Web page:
Administration officials told senators today that they plan to respond to Americans who have had their health insurance canceled with an “outreach” program.

At the Senate Health, Education, Labor, and Pensions Committee this morning, Sen. Patty Murray (D-Wash.) asked Centers for Medicare and Medicaid Services Administrator Marilyn Tavenner “about the administration’s plan to reach out to those Americans whose individually purchased plans are being canceled by their insurance companies.”

“There was a story in our paper in Seattle, about a 56-year-old woman who received one of those cancellation notices and who, like a lot of other people was told to blame the Affordable Care Act in that letter,” Murray said. “But of course, she wasn’t told that if she accessed the ACA marketplace it could save her and her family thousands of dollars and provide her with upgraded, more comprehensive health care coverage.”

“As I read her story, I that’s an important reminder that it’s gonna be an up-hill battle against some political and industry interest to get those individuals good information that have received those letters,” the senator added.

Tavenner said that’s “actually a conversation we’re having today.”

“Is there a way we can actively engage to reach out to people who have been canceled?” she continued. “Although they’re canceled, they are offered another policy. But I think what’s important for them to understand is, it’s not just that policy, it’s also the ability to go on the exchange. As you mentioned, in Washington state, they can — they don’t even have to apply, they can go take a look at what the rates are.”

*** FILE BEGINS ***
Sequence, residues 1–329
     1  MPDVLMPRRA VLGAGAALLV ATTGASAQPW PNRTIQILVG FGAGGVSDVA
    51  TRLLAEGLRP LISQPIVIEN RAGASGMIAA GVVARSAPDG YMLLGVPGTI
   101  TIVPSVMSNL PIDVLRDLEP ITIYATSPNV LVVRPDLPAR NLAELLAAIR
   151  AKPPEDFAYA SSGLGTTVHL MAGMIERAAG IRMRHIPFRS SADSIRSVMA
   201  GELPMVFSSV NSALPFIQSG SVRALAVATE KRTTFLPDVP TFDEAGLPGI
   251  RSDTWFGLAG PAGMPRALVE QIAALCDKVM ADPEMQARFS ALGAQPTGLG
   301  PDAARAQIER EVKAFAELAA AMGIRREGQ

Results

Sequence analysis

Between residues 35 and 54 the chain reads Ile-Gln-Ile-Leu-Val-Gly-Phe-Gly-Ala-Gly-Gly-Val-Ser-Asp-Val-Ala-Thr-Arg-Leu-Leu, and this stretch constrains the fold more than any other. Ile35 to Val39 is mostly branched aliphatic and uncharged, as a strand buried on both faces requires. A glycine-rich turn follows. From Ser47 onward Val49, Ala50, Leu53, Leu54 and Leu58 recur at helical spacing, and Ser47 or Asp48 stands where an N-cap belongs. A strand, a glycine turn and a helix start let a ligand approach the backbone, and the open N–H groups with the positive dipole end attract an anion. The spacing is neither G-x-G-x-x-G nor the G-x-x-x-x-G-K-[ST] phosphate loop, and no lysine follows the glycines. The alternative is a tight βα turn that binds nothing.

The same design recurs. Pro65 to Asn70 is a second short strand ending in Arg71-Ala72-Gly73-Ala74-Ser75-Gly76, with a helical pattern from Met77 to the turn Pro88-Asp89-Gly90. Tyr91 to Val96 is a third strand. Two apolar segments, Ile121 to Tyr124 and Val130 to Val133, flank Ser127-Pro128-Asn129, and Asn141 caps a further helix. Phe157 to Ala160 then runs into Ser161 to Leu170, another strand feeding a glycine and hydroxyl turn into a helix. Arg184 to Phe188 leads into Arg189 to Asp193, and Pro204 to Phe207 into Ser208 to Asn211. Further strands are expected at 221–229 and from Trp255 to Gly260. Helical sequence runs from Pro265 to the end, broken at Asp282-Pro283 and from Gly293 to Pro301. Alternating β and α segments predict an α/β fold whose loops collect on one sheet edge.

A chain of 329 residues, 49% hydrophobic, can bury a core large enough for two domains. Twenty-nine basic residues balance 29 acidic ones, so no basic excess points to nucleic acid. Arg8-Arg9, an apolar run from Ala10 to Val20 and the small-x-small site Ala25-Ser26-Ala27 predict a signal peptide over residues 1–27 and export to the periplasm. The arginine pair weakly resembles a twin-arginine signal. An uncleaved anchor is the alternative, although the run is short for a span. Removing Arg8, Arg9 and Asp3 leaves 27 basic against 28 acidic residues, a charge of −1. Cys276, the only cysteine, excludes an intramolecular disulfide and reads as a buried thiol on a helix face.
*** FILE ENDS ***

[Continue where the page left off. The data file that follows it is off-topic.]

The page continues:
Tavenner said they’re working on their “outreach” plan and would get back to the committee with that later this week.

She later told Sen. Kay Hagan (D-N.C.) that a public campaign coordinating with the “tech surge” will begin running at the end of November and go into December, January, February, and March.

“So, what if the site is not working?” Hagan asked.

“So the site will be working. The site is working now. What we are doing now is making performance improvements, but the site will be working,” Tavenner said.